All the IT service providers I’ve worked with assure me that they measure the services they provide. They use metrics and KPIs to do this, and have service-level agreements (SLAs) with their customers, which they use to document what’s been agreed.
Unfortunately, most of the metrics and KPIs that I’ve seen only measure and report the things that service providers can control, and not the things their customers actually care about. This tends to result in reports that show service providers meeting most, if not all, of their targets, even when customers are distinctly unhappy about the service. This happens so frequently that the phenomenon even has a name: the “watermelon SLA”. When you look at a watermelon from the outside, all you see is green. Delve a bit deeper and you discover that most of the fruit is red. In the same way, we report that everything is meeting its targets (it’s all green), but if you delve into the customer’s experience you find that it’s not very good (it’s mostly red).
So, what can service providers do that will help them to delve that bit deeper and focus on what matters?
When service providers think about any service, they need to pay attention to what’s important: the value of the service, the intended outcomes, the costs, and the risks – together referred to as VOCR. Here is a brief summary of what we mean by these terms.
In my view, if every service provider produced reports showing the VOCR of their services, then customers would have no difficulty understanding what these reports mean, and judging whether the service was good value (or not).
Of course, it’s not that easy. The trouble is that value, outcomes, costs, and risks are only partially under the control of an individual service provider. For example, consider an IT company that provides a manufacturing support service to a car manufacturer. The outcome that the customer wants might be “a car comes off the production line every 40 seconds” (my thanks to James Finister for this example), but this outcome is not completely controlled by the IT service. Even if the IT service works perfectly there could be other reasons why a car doesn’t come off the production line. So, what should you measure and report in this case?
Under these circumstances most IT service providers would probably report things like:
The information provided might be accurate, but it is very IT specific. It represents an IT service provider’s view of the world. But of course, this isn’t what the customer cares about. The metrics that matter to the customer are how many cars come off the production line (outcome), how much extra cost do they have due to IT failures (cost), how much lost production might they have next week (risk), and derived from these, how much profit can they make selling cars (value).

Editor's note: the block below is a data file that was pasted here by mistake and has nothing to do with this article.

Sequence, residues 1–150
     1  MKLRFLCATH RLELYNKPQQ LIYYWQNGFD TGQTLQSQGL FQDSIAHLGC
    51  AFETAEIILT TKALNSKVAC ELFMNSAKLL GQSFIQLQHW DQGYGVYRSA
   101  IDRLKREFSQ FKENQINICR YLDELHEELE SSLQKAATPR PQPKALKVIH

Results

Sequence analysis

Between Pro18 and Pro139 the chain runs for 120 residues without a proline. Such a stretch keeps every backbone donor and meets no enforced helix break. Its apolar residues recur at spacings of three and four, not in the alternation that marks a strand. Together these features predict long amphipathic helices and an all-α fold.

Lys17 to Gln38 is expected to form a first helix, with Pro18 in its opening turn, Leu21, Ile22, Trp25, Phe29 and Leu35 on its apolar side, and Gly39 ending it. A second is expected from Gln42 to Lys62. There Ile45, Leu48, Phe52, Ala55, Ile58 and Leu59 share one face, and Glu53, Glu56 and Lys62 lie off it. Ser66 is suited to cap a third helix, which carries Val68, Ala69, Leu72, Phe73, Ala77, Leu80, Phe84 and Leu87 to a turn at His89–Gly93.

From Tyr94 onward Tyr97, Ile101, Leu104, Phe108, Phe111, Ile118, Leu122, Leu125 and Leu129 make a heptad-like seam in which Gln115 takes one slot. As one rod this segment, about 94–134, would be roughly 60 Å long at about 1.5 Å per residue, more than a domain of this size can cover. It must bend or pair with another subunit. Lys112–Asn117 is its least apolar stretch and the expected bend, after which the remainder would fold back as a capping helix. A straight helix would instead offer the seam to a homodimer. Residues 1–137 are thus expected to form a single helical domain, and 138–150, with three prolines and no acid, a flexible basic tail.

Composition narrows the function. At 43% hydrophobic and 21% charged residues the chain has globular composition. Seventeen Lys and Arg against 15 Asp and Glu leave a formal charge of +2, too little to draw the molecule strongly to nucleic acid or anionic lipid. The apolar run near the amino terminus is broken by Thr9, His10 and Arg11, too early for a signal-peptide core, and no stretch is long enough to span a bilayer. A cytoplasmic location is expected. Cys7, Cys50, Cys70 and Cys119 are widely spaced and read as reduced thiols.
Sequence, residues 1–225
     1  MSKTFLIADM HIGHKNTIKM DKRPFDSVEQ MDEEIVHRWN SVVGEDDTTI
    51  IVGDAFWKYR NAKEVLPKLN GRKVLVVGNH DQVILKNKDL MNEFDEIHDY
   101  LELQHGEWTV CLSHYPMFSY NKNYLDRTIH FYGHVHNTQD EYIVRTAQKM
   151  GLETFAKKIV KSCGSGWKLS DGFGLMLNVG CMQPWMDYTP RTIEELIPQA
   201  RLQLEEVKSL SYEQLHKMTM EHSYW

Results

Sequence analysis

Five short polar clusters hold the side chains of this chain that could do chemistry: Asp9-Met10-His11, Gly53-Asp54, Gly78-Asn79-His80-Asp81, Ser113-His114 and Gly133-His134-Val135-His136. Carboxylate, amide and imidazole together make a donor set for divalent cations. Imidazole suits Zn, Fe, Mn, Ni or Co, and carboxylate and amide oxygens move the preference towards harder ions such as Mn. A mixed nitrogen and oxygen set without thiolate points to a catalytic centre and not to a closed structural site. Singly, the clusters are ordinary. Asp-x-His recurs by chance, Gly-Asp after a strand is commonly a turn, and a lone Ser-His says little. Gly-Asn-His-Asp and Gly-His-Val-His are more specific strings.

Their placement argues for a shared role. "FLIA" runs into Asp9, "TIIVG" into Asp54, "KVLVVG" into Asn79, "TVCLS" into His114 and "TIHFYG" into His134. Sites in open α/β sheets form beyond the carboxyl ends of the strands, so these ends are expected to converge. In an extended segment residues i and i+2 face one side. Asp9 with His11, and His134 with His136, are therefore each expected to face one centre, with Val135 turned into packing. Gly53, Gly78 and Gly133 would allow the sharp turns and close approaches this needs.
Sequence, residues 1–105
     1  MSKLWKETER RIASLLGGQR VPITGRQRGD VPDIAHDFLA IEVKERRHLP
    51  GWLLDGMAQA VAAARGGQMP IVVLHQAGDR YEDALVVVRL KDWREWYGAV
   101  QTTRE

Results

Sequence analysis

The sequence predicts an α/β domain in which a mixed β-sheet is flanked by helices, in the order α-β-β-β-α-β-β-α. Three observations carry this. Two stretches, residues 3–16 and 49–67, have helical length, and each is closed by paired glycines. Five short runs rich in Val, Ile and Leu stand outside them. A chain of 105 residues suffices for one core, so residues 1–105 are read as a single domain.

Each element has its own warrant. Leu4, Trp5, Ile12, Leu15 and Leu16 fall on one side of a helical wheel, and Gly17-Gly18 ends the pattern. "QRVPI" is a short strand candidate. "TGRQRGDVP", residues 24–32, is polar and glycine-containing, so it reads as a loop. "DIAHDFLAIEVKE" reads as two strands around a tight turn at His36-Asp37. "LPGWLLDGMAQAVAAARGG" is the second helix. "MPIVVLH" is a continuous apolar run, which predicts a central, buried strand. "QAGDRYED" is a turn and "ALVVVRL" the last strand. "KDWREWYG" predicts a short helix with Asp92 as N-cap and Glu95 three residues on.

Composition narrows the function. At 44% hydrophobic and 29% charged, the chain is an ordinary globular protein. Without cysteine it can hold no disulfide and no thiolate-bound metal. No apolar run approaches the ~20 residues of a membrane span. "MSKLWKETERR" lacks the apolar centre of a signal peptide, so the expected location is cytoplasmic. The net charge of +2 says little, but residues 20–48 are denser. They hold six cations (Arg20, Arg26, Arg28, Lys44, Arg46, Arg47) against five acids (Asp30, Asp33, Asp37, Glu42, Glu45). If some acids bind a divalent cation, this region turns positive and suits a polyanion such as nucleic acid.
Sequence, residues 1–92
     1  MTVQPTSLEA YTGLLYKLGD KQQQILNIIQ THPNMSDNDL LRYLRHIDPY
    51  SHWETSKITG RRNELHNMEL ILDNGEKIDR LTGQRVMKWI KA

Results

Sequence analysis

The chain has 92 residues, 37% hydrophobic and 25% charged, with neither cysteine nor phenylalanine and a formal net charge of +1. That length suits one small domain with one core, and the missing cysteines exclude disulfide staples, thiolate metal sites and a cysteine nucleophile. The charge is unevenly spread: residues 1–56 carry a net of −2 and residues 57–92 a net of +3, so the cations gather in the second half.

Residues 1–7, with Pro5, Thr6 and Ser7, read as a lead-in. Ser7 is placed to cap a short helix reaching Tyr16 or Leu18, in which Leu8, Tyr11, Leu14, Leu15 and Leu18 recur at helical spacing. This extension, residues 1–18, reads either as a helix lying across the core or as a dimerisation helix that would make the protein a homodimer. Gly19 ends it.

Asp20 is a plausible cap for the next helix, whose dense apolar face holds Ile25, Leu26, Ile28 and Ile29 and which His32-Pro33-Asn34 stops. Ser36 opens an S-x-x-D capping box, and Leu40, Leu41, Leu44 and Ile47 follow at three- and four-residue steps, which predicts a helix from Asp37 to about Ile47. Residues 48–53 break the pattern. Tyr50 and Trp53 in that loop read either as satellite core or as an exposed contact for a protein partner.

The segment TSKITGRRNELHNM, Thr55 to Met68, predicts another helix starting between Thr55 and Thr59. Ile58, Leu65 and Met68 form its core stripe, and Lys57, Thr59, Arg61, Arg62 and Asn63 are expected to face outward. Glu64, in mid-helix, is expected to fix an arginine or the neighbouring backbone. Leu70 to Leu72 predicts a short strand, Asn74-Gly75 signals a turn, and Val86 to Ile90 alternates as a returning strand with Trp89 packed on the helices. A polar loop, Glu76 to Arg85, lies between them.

So, is it possible to create IT metrics and reports that actually show all of these things? Yes, it is. An ideal SLA could state the following:
“The desired outcome from this service is to support the production of one car every 40 seconds.”
The monthly report could then show whether this was achieved. Similarly there could be report sections on cost and risk, showing how well these have been managed for the customer.
Does this mean we stop measuring IT service availability, number and severity of incidents, incident resolution times? Obviously not. Providers can’t do their jobs well without this information. What I am saying is that these are not the key things to report to the customer. The main findings of any report to customers should be about value, outcomes, cost and risk; IT-centric issues should be reported within this context, as contributing factors, and at whatever level of detail suits the specific customer.
Here are two more examples of IT organizations that have great business-focused reports:
What about your SLAs and customer reports? Are they about IT or are they about value, outcomes, cost, and risk? Maybe it’s time to think about what your customers really care about, and create SLAs and reports that match their view of the world.